Blind Cords are lethal, there are those that will try to convince you that a small cleat placed 1.6 metres off the floor on a window architrave will in fact do the job, providing a safe environment for children.
“Wind the cord onto the cleat” Problem number one – the cleat does not accept the full blind cord.
“Fit a second cleat” Problem number two – the cleat is exposed. An older child or adult can easily unwind the blind cord, leaving the cords exposed.
The other equally relevant issue is the industry publicity that promotes the idea that such blind cords are now superseded with new cordless blinds or blinds with roller fittings replacing all corded blinds. Unfortunately that’s just not true.
There are millions of Corded Blinds still in active use worldwide. From the obvious situations of rental properties to the homes of low income parents who simply can’t afford to replace their internal blinds, corded blinds remain in use.
There is a solution – the Cordaway Safety Device – affordable, childproof and capable of accepting the full length of any indoor blind cord. Approved by Kidsafe Australia, the Cordaway units take five minutes to fit.
A snap cover keeps inquisitive little hands at bay.
For $9.60 a window, do you feel it’s worth protecting the lives of your children?
The tragedy of a child’s death is a massive burden and frankly some people just can’t abide the pain.
Katie and Angus McLaughlin who struggled to deal with trauma of little Muireann
Dad found dead 11 years after toddler blind cord death in devastating double family tragedy
Angus McLaughlin never recovered from the loss of toddler Muireann, who died when her neck was accidentally caught in a looped blind cord in the family home.
A dad whose two-year-old daughter died in a horrific blind cord accident has been found dead after struggling with the trauma of the tragedy.
Angus McLaughlin sent his widow Katie a time-delayed email, which she got after his body was discovered.
He had never recovered from the loss of toddler Muireann, who died when her neck was accidentally caught in a looped blind cord in the family home.
Katie, 50, told how health worker Angus suffered post-traumatic stress disorder after the little girl’s fatal accident.
And a legal wrangle with a lawyer over a £10,000 compensation payment added to his anguish.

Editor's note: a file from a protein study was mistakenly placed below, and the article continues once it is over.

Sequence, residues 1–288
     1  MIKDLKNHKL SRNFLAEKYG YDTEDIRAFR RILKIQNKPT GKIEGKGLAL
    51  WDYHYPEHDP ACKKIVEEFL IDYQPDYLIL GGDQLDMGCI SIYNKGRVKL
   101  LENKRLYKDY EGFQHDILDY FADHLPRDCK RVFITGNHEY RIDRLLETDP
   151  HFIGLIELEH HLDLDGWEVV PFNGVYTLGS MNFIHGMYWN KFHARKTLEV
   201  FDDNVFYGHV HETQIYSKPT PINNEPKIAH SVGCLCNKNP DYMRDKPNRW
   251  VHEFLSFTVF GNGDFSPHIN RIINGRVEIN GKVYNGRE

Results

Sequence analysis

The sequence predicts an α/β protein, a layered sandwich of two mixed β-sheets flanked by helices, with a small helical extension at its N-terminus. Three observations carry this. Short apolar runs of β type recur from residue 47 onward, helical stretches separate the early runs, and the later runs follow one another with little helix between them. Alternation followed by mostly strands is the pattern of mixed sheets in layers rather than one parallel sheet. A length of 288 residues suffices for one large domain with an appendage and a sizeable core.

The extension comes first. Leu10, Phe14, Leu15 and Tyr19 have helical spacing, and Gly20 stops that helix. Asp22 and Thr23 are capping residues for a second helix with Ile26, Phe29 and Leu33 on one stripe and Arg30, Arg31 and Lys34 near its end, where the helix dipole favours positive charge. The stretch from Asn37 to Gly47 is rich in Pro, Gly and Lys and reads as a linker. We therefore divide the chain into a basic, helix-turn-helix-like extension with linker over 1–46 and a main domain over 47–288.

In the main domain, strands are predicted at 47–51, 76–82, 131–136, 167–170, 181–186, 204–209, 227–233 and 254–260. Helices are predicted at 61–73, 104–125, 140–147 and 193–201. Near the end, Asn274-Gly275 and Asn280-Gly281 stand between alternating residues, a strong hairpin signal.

Radiographer Angus, 50, was discovered in the family bathroom by their 15-year-old son Cian – who had also found Muireann – on March 16.
Katie, a part-time primary school teacher, said: “Before his death, he emailed me to say how much he loved me and that he always loved me and he loves the children.
Katie had tried to get help for Angus
“Angus had put a delay on the email so I didn’t get it until after he had died.
“In his email, he said he would be seeking out Muireann and they would look in on us.”
The toddler died after climbing on to a box to wave goodbye to her gran at her home in Menstrie, Clackmannanshire, in February 2008.
She tripped and knocked herself unconscious as her neck got caught in the looped blind cord. She died a short time later from strangulation.
Muireann is survived by her sister Aoife, 17, brother Cian, sister Aine, 10, and brother Ruadhan, five. Katie added: “Angus fought depression and PTSD after Muireann died. He always blamed himself for her death because he couldn’t revive her.
“Angus felt he should have been able to save her, even though a Fatal Accident Inquiry absolved him of any blame.
“It said she would have died within 20 seconds, even if someone had been in the room. But that was no help to him.
“The pain was too great and, in the end, it overwhelmed him. I’m utterly devastated. I knew he was struggling and had tried to get help for him.
“But it was hard to get Angus to seek help. He was having nightmares and flashbacks and wasn’t in a good place.”
Angus had been leading a claim against lawyer and employment tribunal judge Ian Smith Watson, who the couple alleged withheld £10,000 in compensation which was awarded after Muireann died.